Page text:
January 09, 2014

Strange Tales Of Christmas

Apple's mobile operating system -- iOS -- is used on the iPhone and the iPad.

The iOS system has a small share of the mobile device market. Only about 13% of mobile devices (phones and tablets) use it.

Google's Android system is the clear and dominant leader with about 80% of worldwide share.

And yet, there are some very strange data coming out of this holiday season's mobile retail sales.

A study released by IBM shows that although Android use is far more widespread than iOS, in the U.S. about 5 times as many Christmas shopping transactions were done on an iOS device than an Android device.

This is in line with data collected during the Thanksgiving season as well, and confirms previous findings that people use their iThings differently than their DroidThings.

Another interesting stat is that the average purchase on an iThing is over twice as large as the average DroidThing purchase.

These are not just little anomalies. These are huge differences that I'm sure have enormous implications for marketers (although what the hell they are, I have no idea.)

One of the underlying differences is probably related to income. The average iThing costs more than twice as much as the average DroidThing.

It may be that while iGeeks are using their devices to buy each other something, Droidoids can only afford to send each other pictures of their naughty bits.

By the way, I've seen your naughty bits and I'd rather you buy me something.


acmasterpainter said...

Sounds like a case that companies should "go where the money is" and focus on iOS apps?

There is the other truism, "wherever the majority are going, go the opposite way" so like with Mac v Windows it made a lot of sense because Windows wasn't that great, and it was good not to reboot daily while PC user colleagues seemed to pull their hair out daily, but in this scenario, not sure of the merits of an "iOS type" going against the Android grain and making a conscious decision not to own an Android device. The operating system seems to work really well and has an 80% user base so development is healthy and swift.

Anyway, unlike my comments, your blog continues to be a useful and good read, happy new year.

Rory said...

There are many reasons, but yeah, been true for ages. We notice this ourselves on our PPC accounts, and on any social activity we do: iOS dominates in terms of providing engagement and sales.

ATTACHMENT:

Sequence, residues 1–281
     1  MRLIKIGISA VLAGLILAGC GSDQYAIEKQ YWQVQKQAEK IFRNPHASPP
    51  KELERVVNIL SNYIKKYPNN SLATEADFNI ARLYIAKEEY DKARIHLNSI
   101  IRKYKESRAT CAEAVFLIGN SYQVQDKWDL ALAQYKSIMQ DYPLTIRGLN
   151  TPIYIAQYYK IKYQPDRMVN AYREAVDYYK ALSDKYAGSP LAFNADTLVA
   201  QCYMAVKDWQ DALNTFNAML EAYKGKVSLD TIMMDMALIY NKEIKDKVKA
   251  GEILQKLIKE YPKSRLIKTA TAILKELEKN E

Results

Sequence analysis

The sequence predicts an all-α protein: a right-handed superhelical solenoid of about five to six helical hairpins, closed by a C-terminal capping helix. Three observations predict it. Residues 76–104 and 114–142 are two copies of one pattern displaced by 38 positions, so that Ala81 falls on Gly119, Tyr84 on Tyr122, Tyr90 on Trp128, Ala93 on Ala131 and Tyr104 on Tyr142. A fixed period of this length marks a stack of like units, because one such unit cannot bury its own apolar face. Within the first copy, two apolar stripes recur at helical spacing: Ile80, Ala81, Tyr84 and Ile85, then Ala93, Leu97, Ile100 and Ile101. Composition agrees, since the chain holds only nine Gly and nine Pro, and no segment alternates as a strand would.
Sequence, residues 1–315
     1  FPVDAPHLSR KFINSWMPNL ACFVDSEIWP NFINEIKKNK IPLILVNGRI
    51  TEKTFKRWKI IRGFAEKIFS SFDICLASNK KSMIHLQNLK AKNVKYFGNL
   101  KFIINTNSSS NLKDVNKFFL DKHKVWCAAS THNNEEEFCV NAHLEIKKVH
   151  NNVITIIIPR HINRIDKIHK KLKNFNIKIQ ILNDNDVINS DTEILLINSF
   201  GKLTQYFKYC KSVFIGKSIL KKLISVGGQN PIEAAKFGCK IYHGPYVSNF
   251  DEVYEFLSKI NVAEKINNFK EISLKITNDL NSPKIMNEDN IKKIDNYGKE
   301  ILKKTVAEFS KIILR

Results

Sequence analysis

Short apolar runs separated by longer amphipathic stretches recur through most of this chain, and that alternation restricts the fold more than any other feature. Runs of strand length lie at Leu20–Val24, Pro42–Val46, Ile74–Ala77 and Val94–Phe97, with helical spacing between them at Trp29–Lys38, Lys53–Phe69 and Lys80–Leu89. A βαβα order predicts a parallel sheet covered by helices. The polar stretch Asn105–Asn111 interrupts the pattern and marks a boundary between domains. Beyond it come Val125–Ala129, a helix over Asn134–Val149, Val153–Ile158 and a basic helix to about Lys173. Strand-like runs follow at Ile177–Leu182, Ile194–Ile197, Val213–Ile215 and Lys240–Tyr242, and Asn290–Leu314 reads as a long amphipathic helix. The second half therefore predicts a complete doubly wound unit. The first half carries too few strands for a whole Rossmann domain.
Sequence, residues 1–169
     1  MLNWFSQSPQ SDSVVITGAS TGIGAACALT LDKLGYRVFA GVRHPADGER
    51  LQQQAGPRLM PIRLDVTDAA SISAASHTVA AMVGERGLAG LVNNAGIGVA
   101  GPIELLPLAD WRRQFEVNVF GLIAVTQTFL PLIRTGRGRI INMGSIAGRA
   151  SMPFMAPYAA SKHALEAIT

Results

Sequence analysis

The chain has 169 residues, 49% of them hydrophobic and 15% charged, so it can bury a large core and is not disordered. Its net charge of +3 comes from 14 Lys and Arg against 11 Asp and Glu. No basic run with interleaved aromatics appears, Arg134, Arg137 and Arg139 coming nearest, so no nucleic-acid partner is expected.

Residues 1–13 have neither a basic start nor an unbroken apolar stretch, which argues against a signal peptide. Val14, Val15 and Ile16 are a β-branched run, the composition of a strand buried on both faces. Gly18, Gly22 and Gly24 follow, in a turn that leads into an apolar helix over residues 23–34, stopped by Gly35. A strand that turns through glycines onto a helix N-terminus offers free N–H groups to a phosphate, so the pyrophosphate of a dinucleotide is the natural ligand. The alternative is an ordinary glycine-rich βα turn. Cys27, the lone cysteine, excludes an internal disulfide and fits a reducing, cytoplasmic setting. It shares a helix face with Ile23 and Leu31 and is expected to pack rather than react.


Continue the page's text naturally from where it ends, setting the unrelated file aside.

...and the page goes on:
Jim said...

The iOS users are a totally different tribe when it comes to engaging with brands. So as they engage more with brands on-line and end up supporting more brands where as the android community are less engaged with brands on-line and in their ecosystem.....Only kidding. Happy New Year.

Fred said...

Ha! I expected you to be shot dead by TAC before I even finished reading that ...

Cecil B. DeMille said...

All of that shopping still represents a tiny fraction of overall online shopping revenue. I dunno if this is a story or not. I do know that I don't really care. I don't shop on my phone, the least secure of all mobile or computing devices. Too many wardrivers spiking WiFi signals and swiping data en route. Happens more than you think.

The New York Crank said...

Let me try another theory. I have no idea whether it's even vaguely valid, but here goes.

Apple products in general are the perceived gold standard of quality and price. Therefore, when people are giving gifts in the triple digit category, they pick the brand that says, "I am not a cheapskate, and I really care about you." It's rather like giving the girlfriend a shiny something in a Tiffany's box instead of a Zale's box. Or buying her Victoria's Secret underwear instead of Jockey Briefs for Her (if there is such a product.)

Heather Physioc said...

I don't know who to blame for this ... device/OS-makers, UX designers, retailers, myself ... but I own both an Android phone and an iPod touch, and given the choice and available wifi, I will choose to use my iPod touch for all internet activity every time. Granted, I have a crappy Android device that doesn't work like any respectable smartphone should, so maybe it's not a fair fight.